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Conflicts over Ordinary Wage Grow at Asiana Airlines
Tricky Behavior
Conflicts over Ordinary Wage Grow at Asiana Airlines
  • By matthew
  • December 24, 2014, 06:06
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An Asiana Airlines Boeing 777-200ER climbs upwards from Sydney Airport in January 2007. (Photo by YSSYguy via Wikimedia Commons)
An Asiana Airlines Boeing 777-200ER climbs upwards from Sydney Airport in January 2007. (Photo by YSSYguy via Wikimedia Commons)

 

There is a growing controversy over a claim made by the labor union of Asiana Airlines. It argues that Asiana Airlines has committed illegal acts in the process of getting consent regarding the change of labor rules from its employees.

Asiana Airlines got written consent for the change of employment rules from its executives and employees by Dec. 17. The conflict between labor and management was created as the company required an open voting system, making threats against its employees while getting their consent.

Under a newly-revised rule proposed by Asiana Airlines, regular bonuses will not be included in ordinary wages. Instead, the company will pay other types of bonuses. In May, the court ruled that 600 percent of regular bonuses is the ordinary wage in Asiana Airlines.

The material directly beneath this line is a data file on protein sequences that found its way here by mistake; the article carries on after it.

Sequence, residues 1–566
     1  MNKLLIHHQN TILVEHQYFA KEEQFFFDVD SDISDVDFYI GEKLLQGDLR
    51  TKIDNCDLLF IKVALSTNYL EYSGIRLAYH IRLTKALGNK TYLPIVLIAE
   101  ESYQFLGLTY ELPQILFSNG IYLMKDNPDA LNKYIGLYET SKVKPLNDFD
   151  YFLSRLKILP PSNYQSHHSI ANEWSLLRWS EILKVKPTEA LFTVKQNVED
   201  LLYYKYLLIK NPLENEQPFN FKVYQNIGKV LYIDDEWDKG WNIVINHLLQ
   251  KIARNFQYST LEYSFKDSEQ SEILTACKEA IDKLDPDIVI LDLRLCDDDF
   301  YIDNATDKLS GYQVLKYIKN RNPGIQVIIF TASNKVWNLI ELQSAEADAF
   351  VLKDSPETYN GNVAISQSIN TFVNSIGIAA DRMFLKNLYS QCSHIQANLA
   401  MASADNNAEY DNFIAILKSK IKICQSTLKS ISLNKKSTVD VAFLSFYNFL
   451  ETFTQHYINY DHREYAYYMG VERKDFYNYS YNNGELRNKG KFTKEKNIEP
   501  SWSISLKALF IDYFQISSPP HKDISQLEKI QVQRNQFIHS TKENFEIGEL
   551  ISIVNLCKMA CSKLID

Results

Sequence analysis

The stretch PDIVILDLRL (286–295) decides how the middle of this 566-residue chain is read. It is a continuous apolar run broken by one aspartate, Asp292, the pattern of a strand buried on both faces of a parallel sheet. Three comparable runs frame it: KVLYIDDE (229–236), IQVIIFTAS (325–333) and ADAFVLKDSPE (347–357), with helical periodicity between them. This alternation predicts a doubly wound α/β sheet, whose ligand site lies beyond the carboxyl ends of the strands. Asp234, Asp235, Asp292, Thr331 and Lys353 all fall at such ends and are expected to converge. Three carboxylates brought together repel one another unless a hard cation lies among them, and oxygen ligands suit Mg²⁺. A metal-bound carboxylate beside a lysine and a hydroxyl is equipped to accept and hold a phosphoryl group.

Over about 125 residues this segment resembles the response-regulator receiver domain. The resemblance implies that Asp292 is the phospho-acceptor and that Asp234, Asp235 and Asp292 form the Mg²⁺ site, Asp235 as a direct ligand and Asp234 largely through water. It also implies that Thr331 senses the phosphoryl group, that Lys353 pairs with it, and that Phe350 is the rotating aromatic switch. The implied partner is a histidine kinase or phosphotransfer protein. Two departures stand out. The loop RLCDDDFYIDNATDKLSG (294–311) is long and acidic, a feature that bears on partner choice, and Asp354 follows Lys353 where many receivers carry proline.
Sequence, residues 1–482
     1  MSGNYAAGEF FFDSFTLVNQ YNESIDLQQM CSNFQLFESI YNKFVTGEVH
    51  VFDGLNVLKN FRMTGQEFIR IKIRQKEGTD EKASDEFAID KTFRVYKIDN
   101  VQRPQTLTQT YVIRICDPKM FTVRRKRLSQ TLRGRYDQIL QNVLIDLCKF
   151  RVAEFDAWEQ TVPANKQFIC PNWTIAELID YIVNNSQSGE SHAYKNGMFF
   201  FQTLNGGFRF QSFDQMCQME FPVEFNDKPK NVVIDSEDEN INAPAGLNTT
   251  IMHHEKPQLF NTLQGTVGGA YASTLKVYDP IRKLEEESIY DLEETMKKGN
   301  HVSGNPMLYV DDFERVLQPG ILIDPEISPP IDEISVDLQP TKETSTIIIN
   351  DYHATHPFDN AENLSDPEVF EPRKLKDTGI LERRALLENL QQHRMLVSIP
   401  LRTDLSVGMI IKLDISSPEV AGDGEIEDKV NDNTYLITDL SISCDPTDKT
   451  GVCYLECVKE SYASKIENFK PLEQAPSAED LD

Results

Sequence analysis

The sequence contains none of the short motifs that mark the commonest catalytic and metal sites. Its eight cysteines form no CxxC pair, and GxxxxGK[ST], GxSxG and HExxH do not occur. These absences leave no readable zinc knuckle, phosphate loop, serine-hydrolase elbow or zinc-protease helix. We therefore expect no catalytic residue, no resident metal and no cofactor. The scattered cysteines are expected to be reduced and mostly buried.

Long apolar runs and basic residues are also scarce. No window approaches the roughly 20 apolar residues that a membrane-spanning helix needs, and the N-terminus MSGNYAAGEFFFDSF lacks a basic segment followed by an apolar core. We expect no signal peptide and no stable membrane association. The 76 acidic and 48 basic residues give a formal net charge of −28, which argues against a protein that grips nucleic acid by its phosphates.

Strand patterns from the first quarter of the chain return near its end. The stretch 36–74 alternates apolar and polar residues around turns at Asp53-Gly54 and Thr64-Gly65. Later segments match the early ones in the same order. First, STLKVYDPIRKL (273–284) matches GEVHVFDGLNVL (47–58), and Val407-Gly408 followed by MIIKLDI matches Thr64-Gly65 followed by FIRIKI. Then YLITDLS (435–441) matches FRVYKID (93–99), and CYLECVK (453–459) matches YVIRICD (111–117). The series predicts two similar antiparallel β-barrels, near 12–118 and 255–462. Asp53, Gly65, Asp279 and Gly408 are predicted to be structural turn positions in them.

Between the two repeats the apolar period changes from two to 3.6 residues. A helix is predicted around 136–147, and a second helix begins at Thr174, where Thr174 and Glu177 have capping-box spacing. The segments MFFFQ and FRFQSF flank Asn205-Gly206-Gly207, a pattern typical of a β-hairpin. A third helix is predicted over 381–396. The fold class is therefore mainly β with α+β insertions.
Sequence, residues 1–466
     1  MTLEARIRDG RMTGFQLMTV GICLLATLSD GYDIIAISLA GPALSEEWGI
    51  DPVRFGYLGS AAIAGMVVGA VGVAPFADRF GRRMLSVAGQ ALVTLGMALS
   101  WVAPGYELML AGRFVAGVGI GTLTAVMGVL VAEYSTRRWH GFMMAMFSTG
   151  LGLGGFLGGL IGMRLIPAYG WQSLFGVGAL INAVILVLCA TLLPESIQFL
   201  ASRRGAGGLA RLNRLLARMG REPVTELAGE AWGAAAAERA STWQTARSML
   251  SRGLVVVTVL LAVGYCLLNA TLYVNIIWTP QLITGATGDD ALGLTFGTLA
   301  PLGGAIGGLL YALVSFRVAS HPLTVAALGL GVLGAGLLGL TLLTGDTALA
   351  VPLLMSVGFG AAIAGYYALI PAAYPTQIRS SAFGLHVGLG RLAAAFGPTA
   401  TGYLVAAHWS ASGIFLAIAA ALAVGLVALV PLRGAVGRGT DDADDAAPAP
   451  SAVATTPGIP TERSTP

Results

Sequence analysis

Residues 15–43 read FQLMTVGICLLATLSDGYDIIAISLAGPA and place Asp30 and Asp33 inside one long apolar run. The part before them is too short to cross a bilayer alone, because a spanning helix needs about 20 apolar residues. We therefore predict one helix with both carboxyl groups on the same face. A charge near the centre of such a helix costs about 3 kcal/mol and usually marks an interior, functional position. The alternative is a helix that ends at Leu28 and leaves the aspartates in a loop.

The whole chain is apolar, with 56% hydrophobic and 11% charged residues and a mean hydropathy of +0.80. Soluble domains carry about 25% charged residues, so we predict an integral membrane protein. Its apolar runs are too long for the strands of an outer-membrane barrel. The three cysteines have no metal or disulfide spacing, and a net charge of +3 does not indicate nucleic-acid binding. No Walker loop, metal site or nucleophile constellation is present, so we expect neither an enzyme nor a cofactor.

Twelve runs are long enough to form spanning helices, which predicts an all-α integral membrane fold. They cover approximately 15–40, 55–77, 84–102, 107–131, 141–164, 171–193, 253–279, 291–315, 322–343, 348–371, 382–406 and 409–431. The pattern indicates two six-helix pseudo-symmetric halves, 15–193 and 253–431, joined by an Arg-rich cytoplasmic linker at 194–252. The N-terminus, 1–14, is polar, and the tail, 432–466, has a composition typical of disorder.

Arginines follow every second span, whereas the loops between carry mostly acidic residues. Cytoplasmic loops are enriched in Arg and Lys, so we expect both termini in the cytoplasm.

The labor union insists that the company forced its employees to vote in favor of the revision, mentioning that they might experience various disadvantages unless they do so, in order to lower its ordinary wages.

The union said, “With the company ignoring the court’s ruling and changing the labor rules illegally, it is mentioning disadvantages in personnel matters to get the approval of the vast majority of employees. The company urged and threatened many employees to agree on the changes.”

Indeed, Asiana Airlines made an announcement on Dec. 9 that employees, who haven’t agreed on the changes of labor rules, will not be given incentives. The company said, “There was no illegal pressure or appeasement. The purpose of the changes is to close the pay gap among workers in different occupation groups.

Meanwhile, the Ministry of Employment and Labor conducted an investigation recently whether there was illegal activities in the process of changing the employment rules.